A few days ago, Gary Cokins asked, “Could Beethoven have implemented business analytics?” A strange question, indeed. After all, Beethoven had his own job to do. Can the average analytics manager write a symphony? Can any analytics manager write a symphony? Does Beethoven have to do everything around here? Or, as Seth Grimes put it, “Would Beethoven Have Given a Rat’s Ass about Business Analytics?”

If I may take the liberty of paraphrasing Mr. Grimes’ response, the answer is, “No.”

This reminds me of the once-famous poster: a large photograph of Golda Meir, then prime minister of Israel, with the caption, “But Can She Type?”

More importantly for us in the analytics trade, change to present tense and substitute any name you want: Does [fill in] Give a Rat’s Ass about Business Analytics? Unless the fill in is one of our own kind, the answer is still, “No.”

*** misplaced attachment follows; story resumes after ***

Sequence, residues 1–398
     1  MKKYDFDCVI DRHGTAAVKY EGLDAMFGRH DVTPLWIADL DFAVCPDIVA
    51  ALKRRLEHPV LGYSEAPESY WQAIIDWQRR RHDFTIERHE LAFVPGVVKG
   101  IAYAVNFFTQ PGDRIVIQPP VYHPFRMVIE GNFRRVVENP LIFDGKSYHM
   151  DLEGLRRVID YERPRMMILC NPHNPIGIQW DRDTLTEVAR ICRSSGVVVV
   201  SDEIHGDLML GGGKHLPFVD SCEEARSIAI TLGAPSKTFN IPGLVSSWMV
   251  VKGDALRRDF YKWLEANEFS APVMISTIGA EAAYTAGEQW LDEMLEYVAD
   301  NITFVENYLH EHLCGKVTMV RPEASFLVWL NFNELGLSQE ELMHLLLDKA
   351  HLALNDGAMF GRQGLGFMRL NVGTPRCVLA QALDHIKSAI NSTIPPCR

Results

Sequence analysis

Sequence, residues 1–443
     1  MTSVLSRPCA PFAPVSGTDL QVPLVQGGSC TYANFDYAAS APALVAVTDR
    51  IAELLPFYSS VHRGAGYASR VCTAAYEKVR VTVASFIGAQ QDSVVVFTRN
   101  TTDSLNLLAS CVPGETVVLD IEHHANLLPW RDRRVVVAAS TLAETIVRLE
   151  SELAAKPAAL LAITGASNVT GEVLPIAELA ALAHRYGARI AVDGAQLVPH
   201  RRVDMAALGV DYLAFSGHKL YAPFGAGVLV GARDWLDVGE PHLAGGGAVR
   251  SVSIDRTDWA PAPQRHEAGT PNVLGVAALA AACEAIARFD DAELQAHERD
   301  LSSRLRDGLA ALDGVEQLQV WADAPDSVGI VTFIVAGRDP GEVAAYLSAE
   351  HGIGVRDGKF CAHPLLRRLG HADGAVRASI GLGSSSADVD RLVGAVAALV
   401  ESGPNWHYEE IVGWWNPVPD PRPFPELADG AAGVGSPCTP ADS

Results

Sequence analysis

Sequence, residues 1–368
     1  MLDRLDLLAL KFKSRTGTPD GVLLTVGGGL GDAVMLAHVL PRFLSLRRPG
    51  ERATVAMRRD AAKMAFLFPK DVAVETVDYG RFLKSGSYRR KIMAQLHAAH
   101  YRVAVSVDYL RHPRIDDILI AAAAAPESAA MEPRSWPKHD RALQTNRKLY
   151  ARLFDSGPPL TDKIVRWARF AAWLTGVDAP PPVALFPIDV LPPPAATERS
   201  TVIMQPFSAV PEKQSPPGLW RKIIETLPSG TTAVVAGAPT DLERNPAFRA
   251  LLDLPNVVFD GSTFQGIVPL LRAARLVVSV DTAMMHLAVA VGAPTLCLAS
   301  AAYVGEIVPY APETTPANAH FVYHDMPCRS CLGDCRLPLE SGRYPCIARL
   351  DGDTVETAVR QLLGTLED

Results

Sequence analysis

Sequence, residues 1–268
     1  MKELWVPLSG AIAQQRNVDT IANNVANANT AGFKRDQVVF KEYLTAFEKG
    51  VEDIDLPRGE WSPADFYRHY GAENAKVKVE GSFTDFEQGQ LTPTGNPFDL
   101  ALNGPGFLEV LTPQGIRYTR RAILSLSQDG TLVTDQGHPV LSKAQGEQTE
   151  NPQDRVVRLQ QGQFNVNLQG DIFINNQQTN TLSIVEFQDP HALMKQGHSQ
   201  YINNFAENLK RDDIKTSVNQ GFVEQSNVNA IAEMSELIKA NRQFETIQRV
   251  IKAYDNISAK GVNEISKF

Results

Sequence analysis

The gal riding next to you on the commuter train doesn’t care about business analytics. Your manager’s manager’s manager doesn’t care about business analytics. Your prospect doesn’t care about business analytics. People care about themselves, and their own business interests. While it may be true that business analytics has everything to do with that, they probably don’t know that and it’s going to take a heck of a lot of effort to make that connection in their brains.

What’s the lesson here? Next time you want someone to care about what you do, don’t talk about what you do. Instead, ask yourself: “What does this gal/guy care about? How can I relate to issues that resonate with this person?”

If you’d like a few hints on how to do that, read my piece, “Talk Analytics with Executives: 4 Things You Must Understand.”


Funky new title: Data Scientist

A post on Joe McKendrick’s “Service Oriented” blog led me to Mary Pratt’s Up-and-coming tech jobs — and how to land one. Among funky new roles like Socialite and Augmented Reality Specialist lies Data Scientist. According to Pratt, “These new specialists will not only find and deliver the data; they will also be the ones using it for extensive forecasting.”